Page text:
‘Papers In My Shoe’ by Kelly and Woolley – doing honor to Cajun roots(August 26, 2015)
As an American, I’m always wary of making statements like ‘these guys are new to me’ in case I receive a flood of complaints about ‘colonials’ not knowing anything about British folk musicians. Even so, Matt Kelly and Gary Woolley were unknown to me, until ‘Papers In My Shoe’ an album that states on its cover: ‘We’ve been doing this for years and decided that it was time to record an album.’ In case you’re as
ignorant as me, Kelly and Woolley are an acoustic duo from Cambridge and Bury St Edmunds, UK, and for a couple of English guys they certainly rip out some damn fine Cajun, bluegrass and country music, with some touches of British folk for good measure.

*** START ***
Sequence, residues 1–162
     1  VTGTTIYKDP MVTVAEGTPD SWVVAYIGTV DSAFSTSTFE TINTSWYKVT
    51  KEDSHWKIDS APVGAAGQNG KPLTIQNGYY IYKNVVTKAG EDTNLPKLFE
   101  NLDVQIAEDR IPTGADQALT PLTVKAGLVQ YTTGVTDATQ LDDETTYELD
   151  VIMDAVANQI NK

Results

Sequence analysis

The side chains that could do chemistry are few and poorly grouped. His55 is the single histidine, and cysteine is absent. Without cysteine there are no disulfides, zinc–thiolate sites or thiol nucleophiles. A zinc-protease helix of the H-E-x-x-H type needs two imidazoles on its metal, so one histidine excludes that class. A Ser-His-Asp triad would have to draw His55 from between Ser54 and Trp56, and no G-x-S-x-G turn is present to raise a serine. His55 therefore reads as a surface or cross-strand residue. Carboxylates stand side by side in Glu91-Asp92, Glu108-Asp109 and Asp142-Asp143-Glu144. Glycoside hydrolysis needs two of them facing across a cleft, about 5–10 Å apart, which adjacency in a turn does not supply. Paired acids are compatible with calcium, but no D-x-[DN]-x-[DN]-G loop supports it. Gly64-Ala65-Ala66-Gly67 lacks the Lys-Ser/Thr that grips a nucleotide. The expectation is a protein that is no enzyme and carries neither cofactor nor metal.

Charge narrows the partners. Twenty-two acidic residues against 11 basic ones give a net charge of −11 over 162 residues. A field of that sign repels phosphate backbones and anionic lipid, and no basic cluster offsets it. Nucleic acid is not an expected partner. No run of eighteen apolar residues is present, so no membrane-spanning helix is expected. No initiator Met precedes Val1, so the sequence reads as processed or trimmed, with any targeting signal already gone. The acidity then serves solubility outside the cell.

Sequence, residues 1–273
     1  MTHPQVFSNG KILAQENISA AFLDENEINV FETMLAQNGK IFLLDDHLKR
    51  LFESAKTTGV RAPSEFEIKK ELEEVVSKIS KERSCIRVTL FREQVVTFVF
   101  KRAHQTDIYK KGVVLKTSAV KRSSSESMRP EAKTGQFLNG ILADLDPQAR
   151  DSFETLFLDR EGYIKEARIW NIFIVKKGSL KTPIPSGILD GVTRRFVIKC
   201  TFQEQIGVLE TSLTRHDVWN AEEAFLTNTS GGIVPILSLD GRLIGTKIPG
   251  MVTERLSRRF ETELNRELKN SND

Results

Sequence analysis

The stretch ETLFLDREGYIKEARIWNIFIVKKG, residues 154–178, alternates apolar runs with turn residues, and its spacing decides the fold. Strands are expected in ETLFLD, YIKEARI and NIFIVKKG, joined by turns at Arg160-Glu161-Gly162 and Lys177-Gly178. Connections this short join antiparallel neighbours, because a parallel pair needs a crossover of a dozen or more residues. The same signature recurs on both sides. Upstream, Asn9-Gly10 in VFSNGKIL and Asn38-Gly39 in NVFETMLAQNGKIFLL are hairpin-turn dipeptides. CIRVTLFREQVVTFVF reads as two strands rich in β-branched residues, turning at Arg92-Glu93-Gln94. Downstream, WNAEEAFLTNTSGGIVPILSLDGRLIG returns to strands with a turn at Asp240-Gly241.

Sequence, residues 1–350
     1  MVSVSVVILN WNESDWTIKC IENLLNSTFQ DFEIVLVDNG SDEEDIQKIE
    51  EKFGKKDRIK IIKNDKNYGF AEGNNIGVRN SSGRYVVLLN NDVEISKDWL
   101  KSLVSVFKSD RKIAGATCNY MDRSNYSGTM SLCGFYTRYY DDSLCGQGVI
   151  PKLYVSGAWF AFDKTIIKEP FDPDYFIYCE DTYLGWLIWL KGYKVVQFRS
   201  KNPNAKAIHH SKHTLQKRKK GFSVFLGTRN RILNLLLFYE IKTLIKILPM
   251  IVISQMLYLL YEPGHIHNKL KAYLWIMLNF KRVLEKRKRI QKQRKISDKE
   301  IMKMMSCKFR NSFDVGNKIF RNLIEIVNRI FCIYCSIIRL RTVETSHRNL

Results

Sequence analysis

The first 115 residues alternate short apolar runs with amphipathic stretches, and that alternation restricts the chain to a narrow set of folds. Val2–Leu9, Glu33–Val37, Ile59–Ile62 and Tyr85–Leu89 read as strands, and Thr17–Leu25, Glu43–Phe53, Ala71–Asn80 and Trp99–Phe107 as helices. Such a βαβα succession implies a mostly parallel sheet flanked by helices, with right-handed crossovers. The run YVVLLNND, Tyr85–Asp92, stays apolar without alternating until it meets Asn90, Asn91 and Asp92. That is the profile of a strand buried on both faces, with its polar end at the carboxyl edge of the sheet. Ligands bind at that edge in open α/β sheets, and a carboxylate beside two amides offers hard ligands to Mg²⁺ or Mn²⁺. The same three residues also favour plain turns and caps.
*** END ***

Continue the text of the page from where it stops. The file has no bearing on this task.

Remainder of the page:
Their music draws on some classic Cajun roots, the five Balfa Brothers, accordion players Lawrence Walker and Austin Pitre, BeauSoliel and that great zydeco musician Boozoo Chavis, and they deliver that music exactly as should be sung with true deference to the singular French-spoken form of the originals. Their versions of Cajun ‘traditionals’ such as ‘Port Arthur Blues’, ‘Jolies Joues Roses/ Parlez Nous á Boire’ and ‘Flammes d’ Enfer’ are performed with real empathy with the originals, while ‘Danse de mardi Gras’ has all the energy it demands, while ‘Papers in my Shoe’ has all the laid back swing that Boozoo Chavis would recognise.
To prove their range they also add self-penned songs, Woolley’s ‘The Train Never Stops’ and Kelly’s ‘When I Was Young’ (words credited to Mrs Moore, Co Durham, collected by WG Whitaker) they also turn out a creditable ‘Jock o’ Hazeldean’ and Paul Metsers’ ‘Farewell to the Gold’ - but for my money it’s with the honor they do to Cajun music that they’re really at home.
Review: Tom Franks